Sunday, July 31, 2016

Women Health: The Obesity and Breast cancer Research and Studies of Body weight at age 20 years and breast cancer risk

Kyle J. Norton(Scholar, Master of Nutrients), all right reserved.
Health article writer and researcher; Over 10.000 articles and research papers have been written and published on line, including world wide health, ezine articles, article base, healthblogs, selfgrowth, best before it's news, the karate GB daily, etc.,.
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Some articles have been used as references in medical research, such as international journal Pharma and Bio science, ISSN 0975-6299.

Obesity is a medical condition of excess body fat accumulated overtime, while overweight is a condition of excess body weight relatively to the height. According to the Body Mass Index(BMI), a BMI between 25 to 29.9 is considered over weight, while a BMI of over 30 is an indication of obesity. According to the statistic, 68% of American population are either overweight or obese.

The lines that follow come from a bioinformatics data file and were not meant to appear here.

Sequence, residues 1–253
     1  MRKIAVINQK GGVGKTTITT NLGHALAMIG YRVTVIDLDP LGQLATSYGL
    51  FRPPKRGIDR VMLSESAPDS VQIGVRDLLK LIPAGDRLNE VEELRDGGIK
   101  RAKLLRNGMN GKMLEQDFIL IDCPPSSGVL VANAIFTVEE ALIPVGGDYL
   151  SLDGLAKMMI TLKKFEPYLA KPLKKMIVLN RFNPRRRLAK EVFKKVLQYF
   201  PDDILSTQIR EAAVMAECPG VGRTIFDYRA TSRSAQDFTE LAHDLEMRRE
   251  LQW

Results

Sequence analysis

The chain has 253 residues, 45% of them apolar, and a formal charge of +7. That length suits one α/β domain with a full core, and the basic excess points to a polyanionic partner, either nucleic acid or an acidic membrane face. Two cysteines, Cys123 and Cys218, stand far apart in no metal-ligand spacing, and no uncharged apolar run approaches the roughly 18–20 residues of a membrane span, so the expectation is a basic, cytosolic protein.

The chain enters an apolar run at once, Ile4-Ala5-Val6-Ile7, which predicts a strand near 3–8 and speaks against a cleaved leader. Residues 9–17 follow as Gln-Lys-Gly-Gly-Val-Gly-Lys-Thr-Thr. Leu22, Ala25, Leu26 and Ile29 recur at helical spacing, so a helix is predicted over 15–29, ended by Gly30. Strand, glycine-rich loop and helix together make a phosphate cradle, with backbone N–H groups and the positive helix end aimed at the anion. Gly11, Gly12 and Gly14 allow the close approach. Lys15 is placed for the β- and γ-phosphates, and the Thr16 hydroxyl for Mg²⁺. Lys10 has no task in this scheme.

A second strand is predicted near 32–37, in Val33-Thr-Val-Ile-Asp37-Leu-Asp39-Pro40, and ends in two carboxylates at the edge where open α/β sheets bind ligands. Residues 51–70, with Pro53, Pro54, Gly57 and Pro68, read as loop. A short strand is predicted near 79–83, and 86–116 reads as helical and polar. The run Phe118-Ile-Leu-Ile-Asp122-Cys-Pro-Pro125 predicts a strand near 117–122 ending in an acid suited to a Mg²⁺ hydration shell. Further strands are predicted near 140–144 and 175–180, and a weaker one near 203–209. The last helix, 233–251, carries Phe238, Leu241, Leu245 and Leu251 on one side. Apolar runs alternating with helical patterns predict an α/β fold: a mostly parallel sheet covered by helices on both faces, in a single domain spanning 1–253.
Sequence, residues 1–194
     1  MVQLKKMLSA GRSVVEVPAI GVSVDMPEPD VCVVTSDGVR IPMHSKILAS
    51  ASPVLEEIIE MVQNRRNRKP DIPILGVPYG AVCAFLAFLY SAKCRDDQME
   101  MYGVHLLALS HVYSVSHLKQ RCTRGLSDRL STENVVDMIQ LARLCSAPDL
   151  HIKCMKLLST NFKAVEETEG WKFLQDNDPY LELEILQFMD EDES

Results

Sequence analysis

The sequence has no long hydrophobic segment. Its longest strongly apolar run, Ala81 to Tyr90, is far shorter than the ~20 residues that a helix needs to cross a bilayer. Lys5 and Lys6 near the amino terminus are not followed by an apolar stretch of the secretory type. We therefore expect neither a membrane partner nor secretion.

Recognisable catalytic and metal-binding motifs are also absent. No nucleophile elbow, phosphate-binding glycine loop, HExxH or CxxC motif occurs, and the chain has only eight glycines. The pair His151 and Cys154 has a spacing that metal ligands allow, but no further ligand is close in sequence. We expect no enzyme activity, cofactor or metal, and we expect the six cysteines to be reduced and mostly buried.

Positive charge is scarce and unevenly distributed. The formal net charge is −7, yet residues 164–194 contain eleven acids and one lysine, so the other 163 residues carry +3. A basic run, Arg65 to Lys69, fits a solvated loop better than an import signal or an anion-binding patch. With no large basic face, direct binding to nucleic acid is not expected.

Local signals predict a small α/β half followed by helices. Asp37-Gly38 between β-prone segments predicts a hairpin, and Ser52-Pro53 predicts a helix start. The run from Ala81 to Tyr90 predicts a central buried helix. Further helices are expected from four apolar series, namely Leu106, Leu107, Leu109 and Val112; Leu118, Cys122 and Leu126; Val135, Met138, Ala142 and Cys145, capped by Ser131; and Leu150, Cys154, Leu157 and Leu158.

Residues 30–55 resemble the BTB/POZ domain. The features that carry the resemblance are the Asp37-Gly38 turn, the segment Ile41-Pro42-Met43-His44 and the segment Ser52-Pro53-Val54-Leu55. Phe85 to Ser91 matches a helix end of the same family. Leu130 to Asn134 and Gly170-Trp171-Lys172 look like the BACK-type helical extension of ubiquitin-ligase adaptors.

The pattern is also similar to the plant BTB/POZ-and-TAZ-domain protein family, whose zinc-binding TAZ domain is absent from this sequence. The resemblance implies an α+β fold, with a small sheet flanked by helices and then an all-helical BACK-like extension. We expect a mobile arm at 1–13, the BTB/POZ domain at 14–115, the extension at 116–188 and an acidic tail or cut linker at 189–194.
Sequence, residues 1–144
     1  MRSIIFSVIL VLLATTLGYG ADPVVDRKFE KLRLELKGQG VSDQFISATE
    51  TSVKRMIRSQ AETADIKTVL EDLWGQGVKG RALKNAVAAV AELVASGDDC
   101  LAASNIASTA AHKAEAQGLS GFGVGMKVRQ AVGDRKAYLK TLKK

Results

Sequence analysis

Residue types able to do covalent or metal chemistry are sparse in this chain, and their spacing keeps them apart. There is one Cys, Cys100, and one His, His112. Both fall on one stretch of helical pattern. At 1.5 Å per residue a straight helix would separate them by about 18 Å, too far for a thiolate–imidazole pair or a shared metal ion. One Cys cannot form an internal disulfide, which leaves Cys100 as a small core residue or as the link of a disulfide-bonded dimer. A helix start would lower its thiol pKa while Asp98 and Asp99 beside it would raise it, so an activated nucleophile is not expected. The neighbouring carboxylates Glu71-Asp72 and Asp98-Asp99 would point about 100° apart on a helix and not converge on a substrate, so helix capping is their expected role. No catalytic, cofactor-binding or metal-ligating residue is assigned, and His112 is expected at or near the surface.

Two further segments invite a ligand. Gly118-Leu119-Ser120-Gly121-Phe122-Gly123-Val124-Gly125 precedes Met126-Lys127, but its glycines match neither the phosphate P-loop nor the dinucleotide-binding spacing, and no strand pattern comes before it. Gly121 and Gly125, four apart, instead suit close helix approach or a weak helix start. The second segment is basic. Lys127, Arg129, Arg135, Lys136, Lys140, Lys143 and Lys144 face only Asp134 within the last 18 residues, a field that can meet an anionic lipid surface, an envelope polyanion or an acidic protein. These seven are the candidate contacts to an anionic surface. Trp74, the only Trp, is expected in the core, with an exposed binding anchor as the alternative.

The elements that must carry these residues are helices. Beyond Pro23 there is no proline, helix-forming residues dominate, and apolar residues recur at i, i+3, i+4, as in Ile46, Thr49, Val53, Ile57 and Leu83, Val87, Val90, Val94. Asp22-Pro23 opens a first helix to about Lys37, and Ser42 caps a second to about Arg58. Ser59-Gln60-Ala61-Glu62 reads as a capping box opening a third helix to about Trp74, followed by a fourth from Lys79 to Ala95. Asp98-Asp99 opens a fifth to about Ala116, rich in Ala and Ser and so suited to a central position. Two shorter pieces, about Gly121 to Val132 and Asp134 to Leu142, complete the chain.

You can calculate your BMI index BMI= weight (kg)/ height (m2)

The Studies of Body weight at age 20 years and breast cancer risk

Many studies have investigated the association between BMI at age 20 years (BMI20y) and breast cancer risk with consideration to estrogen/progesterone receptor status (ER/PR). In the study to investigate the the association between BMI20y and ER/PR-defined breast cancer risk among 41,594 women in the population-based Japan Public Health Center, posted in PubMed, showed that BMI and subsequent BMI gain were not associated with increased risk among premenopausal women, but were substantially associated with increased risk among postmenopausal women [corresponding RR(recent BMI)=1.31 (95%CI=1.07-1.59); RR(subsequent BMI gain)=1.32 (95%CI=1.09-1.60)]. In subanalyses by receptor status (∼50% of cases), the observed inverse association of BMI20y with risk was consistent with the result for ER-PR- [0.49 (95%CI=0.27-0.88)], while the observed positive associations of BMI gain with postmenopausal breast cancer risk appeared to be confined to ER+PR+ tumors [corresponding RR(for subsequent BMI gain)=2.24 (95%CI=1.50-3.34)]. Low BMI at age 20 years was substantially associated with an increased risk of breastcancer. In contrast, high recent BMI and subsequent BMI gain from age 20 were associated with increased risk of postmenopausal ER+PR+ tumors.

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